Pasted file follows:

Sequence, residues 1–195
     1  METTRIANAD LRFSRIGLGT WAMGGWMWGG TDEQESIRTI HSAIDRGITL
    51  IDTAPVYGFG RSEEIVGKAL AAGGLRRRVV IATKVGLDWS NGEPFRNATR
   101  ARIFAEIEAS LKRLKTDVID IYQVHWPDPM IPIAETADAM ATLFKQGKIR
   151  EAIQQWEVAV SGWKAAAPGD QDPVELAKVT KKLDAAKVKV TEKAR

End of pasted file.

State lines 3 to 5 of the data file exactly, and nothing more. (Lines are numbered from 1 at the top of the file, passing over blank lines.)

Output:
    51  IDTAPVYGFG RSEEIVGKAL AAGGLRRRVV IATKVGLDWS NGEPFRNATR
   101  ARIFAEIEAS LKRLKTDVID IYQVHWPDPM IPIAETADAM ATLFKQGKIR
   151  EAIQQWEVAV SGWKAAAPGD QDPVELAKVT KKLDAAKVKV TEKAR